To find the top men’s base-layer top and underside, we sent 11 testers skiing, jogging, mountaineering, rock climbing, and sports-game spectating at 20 long-sleeve shirts and 16 bottoms for four months. The anti-stink Smartwool Men’s Merino 150 Base Layer Long Sleeve and Icebreaker Men’s BodyfitZone Zone Leggings both kept us toasty in the cold, yet cool if we were playing hard.
The Smartwool Men’s Merino 150 Base Layer Long Sleeve is an all-around workhorse foundation layer: It fits good, remains in place, wicks while you’re working, and warms when you are taking a rest. What distinguished this top from other base layers in our evaluation, though, was its own comfort and match: Our lankiest testers applauded its long sleeve and shirt span, which kept their wrists and backs coated. It managed to fit correctly and look good on testers of various shapes and heights. Unlike many other base layers, then it didn’t cling to the shoulders or back muscles. The microweight fabric–made from merino wool yarn spun around a nylon core–was particularly durable and soft compared with the contest. Despite having possibly the lightest-weight fabric we analyzed (the “150” in the title implies the cloth weighs 150 grams/m2), the Smartwool Merino 150 retained us insulated in every temperature, also was beloved among our weight-conscious traveling and backpacking testers.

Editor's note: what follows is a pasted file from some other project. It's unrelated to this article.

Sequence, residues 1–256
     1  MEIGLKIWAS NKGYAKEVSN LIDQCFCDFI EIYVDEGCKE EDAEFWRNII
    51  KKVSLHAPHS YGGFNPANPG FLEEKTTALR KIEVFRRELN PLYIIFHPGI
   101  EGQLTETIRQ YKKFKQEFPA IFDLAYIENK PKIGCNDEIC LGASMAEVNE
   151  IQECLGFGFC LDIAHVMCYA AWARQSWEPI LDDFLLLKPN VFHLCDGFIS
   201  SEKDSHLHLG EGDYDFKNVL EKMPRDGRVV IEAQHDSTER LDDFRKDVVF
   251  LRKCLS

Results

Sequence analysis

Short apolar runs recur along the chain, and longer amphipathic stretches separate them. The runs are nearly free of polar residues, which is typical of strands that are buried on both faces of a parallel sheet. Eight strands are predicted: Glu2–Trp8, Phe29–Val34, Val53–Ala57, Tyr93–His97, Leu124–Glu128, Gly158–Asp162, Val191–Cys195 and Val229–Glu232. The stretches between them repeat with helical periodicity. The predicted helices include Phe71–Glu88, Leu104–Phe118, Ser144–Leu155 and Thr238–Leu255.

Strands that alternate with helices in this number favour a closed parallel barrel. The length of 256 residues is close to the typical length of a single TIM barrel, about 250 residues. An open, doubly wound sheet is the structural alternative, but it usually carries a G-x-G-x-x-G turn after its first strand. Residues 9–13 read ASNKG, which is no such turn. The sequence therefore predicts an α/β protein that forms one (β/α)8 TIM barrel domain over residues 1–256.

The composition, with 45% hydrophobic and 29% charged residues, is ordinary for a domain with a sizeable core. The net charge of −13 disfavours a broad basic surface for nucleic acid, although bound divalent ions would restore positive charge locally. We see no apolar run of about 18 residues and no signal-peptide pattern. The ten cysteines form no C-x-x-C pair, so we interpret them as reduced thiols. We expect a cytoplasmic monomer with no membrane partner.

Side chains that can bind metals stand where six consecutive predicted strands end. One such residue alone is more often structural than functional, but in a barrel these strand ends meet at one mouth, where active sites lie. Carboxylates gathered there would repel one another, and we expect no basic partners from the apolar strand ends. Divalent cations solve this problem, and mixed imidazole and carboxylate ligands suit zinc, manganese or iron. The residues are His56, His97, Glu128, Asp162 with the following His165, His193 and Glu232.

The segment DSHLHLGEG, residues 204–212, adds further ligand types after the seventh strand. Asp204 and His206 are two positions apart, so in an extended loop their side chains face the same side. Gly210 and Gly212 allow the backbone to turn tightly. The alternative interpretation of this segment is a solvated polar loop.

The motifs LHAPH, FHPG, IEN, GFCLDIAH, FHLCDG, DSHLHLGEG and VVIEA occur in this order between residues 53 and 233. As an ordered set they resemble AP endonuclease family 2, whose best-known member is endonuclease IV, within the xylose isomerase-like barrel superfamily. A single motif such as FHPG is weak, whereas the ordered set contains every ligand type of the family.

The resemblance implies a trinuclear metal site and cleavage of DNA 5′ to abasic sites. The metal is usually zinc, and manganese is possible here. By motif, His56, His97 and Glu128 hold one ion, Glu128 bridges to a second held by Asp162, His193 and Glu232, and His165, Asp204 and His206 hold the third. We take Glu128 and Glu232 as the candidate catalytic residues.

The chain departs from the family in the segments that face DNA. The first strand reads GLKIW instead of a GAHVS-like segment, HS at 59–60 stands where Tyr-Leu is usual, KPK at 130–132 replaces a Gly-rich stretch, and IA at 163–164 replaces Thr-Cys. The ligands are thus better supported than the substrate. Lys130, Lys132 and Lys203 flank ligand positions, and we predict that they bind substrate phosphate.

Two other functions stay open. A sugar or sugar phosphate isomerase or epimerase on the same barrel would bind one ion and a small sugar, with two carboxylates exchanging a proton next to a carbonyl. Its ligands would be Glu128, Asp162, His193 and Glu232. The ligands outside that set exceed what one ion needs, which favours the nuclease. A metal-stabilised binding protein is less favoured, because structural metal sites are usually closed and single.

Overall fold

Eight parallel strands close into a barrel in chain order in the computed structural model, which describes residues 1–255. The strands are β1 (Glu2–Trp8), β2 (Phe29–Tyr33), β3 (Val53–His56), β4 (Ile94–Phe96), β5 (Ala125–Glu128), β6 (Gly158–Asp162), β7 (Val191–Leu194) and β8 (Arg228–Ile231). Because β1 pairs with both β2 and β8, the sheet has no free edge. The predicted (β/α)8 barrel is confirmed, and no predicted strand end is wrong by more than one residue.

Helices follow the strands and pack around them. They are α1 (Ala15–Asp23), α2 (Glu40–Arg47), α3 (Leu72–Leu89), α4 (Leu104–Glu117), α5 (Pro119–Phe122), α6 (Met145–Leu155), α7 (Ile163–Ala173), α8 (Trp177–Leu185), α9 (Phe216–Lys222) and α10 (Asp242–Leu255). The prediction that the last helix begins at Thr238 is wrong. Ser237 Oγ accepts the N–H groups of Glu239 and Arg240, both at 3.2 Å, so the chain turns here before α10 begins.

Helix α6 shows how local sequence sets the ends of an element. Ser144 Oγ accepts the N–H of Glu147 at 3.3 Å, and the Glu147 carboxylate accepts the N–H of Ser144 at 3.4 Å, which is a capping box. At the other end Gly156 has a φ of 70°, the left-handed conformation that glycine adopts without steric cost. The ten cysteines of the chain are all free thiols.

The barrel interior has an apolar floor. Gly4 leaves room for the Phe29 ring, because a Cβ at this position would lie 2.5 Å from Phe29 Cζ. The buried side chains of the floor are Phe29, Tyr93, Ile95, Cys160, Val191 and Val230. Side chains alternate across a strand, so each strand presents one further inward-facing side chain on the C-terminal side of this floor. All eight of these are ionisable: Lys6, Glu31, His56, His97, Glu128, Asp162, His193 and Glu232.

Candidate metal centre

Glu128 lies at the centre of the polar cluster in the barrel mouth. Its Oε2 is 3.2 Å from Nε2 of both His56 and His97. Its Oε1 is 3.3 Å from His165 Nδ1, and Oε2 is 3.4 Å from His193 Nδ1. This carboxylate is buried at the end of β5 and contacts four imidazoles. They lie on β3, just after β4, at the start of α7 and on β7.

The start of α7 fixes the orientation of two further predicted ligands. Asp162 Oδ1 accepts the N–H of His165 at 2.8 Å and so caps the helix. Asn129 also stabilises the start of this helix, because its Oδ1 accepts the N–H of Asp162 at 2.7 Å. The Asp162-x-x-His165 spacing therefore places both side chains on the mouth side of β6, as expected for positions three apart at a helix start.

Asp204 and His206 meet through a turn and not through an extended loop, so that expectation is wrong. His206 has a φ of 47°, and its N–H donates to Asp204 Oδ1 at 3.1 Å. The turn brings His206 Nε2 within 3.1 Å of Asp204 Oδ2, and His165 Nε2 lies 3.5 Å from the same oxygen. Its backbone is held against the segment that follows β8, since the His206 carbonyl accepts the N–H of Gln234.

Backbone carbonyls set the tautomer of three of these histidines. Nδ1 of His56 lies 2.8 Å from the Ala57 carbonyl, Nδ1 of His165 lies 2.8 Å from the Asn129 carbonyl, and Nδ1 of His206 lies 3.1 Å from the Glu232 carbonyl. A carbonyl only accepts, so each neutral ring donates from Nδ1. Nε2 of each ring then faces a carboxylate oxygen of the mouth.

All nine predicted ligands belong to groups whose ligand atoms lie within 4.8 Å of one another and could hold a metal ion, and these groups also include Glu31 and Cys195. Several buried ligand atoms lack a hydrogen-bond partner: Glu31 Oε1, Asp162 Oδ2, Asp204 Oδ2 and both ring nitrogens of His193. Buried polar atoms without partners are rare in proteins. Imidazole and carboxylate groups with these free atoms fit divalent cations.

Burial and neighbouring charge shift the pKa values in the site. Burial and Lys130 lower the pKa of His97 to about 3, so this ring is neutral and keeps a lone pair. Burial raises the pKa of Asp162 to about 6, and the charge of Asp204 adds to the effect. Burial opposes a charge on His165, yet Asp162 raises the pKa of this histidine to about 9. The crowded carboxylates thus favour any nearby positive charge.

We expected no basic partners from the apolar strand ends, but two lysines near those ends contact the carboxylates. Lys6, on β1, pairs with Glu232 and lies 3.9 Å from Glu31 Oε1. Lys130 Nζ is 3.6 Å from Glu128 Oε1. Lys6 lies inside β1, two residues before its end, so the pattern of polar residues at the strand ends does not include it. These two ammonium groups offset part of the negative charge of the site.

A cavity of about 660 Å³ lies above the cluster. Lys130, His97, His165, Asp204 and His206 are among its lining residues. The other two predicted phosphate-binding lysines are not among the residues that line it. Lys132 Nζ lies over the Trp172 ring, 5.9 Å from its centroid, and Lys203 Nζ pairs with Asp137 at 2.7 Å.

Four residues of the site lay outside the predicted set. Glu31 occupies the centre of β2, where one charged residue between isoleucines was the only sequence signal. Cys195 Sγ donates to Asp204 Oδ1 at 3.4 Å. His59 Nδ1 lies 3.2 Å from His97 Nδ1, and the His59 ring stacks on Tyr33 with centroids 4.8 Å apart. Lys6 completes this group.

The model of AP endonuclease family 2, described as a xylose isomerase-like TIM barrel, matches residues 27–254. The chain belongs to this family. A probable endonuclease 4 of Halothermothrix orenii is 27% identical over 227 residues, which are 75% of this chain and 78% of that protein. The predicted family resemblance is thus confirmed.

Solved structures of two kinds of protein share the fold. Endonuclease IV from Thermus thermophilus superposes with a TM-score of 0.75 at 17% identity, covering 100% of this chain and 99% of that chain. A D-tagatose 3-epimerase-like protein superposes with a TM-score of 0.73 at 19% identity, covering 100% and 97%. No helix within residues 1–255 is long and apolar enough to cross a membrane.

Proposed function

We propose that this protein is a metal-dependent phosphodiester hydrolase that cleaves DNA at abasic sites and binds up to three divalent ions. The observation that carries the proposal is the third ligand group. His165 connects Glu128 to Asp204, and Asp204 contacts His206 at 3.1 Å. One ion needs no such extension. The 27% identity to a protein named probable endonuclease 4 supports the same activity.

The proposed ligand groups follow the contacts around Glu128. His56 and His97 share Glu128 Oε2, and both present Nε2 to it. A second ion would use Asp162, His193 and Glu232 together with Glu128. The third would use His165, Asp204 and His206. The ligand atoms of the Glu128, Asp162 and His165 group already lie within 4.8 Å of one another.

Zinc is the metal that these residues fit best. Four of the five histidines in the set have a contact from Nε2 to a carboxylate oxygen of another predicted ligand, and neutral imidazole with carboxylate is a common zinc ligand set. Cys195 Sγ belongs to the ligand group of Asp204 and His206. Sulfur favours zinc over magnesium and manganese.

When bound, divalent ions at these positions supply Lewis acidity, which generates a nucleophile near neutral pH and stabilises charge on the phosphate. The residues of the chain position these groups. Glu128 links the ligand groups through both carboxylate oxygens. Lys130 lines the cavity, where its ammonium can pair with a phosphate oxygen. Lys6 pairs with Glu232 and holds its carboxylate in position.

Since the shirt was so sparse, in our tests it felt more breathable (and dried rapidly) than other, similar wool layers. Heat and vapor could escape quickly during movement, particularly in contrast with the synthetic Duofold base-layer top we tested. Our testers noted that after autumn trail runs in Colorado or snowshoeing in Oregon, the Smartwool top breathed well and evil off sweat, drying with uncharacteristic rate to get a wool base layer. Because it breathed so efficiently and’d UPF 30 protection, testers could wear this foundation layer as sun protection with the sleeves rolled down even on warmer days. It performed equally well layered under coats while we had been skiing in Colorado, and it remained warm when it got wet in the moist Pacific Northwest.
The merino wool L.L.Bean Cresta Wool Ultralight 150 Base Layer Long-Sleeve shirt provides nearly all of the benefits of a pricier wool top (wicking, warming( and odor minimizing) at a synthetic-base-layer cost. Testers liked the stretchiness of the wool and the thumb loops–especially when they were playing with the puppy on sharp Colorado December mornings. The Cresta shirt includes L.L.Bean’s renowned return policy, which will be a 100 percent satisfaction lifetime guarantee. While this shirt is formfitting, it is less tailored as another tops we tried, so it is not as trendy, but it works well under other layers for when you’re playing hard.